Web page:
God and Government Buildings

Public Buildings Used for Worship Services

When the US Treasury Building was constructed in 1800, it was used for church services on Sundays.

The US House of Representatives chamber in the Capitol Building and the original Supreme Court Chamber were also used for church services.

Thomas Jefferson, attended worship services in the House of Representatives regularly when he was President. Remember, it was Thomas Jefferson who penned the words “a wall of separation between Church and State.” Obviously he did not believe that the separation of Church and State prohibited Christian worship in Government buildings.

James Madison, the fourth President of the United States attended the public worship services in the House of Representatives. It was James Madison who added the words of the First Amendment. He did not believe that public worship services in the Capitol Building violated the First Amendment.

Public Buildings Made for Christian Worship

  • West Point Chapel

    The old West Point Chapel building was built in 1836 – just 45 years after the First Amendment was written. The builders of the chapel were just one generation away from the Founding Fathers who wrote and approved the First Amendment. If this was a violation of the First Amendment, the people of that generation would be in a much better position to know than the angry atheists and the anti-God left wing radicals of today.

The Old West Point Chapel as it appeared in 1896.

The current West Point Chapel was built in 1910.
This picture was taken in 1957.

Scriptures and Religious Symbols in Public Buildings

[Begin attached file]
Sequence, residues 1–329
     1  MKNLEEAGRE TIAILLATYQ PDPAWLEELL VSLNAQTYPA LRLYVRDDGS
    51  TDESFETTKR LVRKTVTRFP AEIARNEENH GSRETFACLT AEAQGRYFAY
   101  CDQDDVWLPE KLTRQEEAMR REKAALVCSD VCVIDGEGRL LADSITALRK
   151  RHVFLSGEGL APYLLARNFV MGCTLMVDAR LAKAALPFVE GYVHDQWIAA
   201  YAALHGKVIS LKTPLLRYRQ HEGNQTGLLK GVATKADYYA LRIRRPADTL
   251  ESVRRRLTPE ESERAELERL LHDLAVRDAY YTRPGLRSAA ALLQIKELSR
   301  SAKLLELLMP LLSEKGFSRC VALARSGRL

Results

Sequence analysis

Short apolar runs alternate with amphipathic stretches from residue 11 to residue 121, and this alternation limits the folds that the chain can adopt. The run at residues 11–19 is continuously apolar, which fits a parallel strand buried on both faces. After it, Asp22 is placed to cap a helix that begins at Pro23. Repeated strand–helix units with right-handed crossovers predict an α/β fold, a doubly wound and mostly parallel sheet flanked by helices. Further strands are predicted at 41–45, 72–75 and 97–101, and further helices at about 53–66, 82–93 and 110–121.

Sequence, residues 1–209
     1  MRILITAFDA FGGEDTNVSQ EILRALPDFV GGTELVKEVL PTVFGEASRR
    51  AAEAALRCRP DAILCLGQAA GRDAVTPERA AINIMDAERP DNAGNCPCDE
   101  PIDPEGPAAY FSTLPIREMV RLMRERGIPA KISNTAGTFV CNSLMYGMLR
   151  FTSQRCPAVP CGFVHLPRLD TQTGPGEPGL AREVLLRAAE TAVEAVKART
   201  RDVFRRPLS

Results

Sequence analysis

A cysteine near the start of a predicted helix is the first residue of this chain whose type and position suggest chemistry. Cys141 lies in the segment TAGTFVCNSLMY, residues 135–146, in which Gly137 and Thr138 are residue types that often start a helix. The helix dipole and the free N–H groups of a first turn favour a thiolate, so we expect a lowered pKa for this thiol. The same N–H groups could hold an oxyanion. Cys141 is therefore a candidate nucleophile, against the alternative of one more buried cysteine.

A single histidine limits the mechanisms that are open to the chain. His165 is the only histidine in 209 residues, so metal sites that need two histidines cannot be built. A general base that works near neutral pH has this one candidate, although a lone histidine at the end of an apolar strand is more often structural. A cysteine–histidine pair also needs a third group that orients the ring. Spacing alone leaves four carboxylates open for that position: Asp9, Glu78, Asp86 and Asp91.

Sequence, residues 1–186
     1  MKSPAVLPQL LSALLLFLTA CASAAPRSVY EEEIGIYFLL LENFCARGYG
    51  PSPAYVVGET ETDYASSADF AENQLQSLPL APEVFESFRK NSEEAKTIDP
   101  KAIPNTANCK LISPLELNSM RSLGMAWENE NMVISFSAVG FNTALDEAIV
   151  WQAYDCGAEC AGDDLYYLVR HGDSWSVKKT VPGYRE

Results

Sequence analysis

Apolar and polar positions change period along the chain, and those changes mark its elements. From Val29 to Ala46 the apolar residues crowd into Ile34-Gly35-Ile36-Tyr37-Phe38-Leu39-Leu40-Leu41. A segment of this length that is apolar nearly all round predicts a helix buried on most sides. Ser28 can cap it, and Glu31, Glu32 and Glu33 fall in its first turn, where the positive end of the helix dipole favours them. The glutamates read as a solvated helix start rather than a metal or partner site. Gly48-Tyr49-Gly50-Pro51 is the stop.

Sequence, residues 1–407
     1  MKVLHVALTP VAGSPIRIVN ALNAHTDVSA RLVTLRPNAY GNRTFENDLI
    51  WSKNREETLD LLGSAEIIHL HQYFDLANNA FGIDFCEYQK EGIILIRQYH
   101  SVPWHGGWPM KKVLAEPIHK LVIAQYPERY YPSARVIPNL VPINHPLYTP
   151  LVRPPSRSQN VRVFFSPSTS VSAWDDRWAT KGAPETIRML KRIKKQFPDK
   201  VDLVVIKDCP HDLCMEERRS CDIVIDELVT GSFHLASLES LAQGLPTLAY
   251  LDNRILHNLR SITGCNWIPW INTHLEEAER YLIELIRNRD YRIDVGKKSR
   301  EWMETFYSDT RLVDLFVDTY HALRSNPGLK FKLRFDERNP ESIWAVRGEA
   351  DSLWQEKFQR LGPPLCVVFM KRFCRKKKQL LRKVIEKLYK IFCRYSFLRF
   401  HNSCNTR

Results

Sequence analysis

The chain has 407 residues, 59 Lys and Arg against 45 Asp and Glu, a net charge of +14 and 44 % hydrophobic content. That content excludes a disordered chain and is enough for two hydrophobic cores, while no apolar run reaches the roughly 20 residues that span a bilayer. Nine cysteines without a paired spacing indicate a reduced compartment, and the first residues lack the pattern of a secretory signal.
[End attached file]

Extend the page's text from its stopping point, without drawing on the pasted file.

• The United States Capitol Building

    The picture at the right is a stained glass window in the US Capitol Building. It depicts George Washington in prayer, and the inscription above him reads, “THIS NATION UNDER GOD.” This was the conviction of many of our Founding Fathers. They would not allow the US to create an official “Church of America” like Britain’s “Church of England.” They promoted the reading of the Bible without endorsing any one denomination.

    The picture blow it is a painting of the Baptism of Pocahontas by an Episcopal clergyman. It is on display in the Capitol Building.

  • Supreme Court Building

    Moses is front and center with the Ten Commandments in the front of he building.
    The Ten Commandments are displayed on the wall in the court room

  • Library of Congress

    The Thomas Jefferson Building of the Library of Congress was built between 1890-97. Everybody knew that including Bible references and references to historical Biblical events was not a violation of the First Amendment. Some of the references include:
    “The light shineth in darkness, and the darkness comprehendeth it not” (John 1:5)
    “Wisdom is the principal thing therefore get wisdom and with all thy getting, get understanding.” (Proverbs 4:7)

    In the Main Reading Room are statues and quotes representing fields of knowledge.
    Moses and Paul represent Religion, with the inscription, “What doth the Lord require of thee, but to do justly, and to love mercy and to walk humbly with thy God.” (Micah 6:8)
    Science is represented by, “The heavens declare the glory of God; and the firmament showeth His handywork.” (Psalm 19:1)
    History: “One God, one law, one element, and one far-off divine event, to which the whole creation moves.”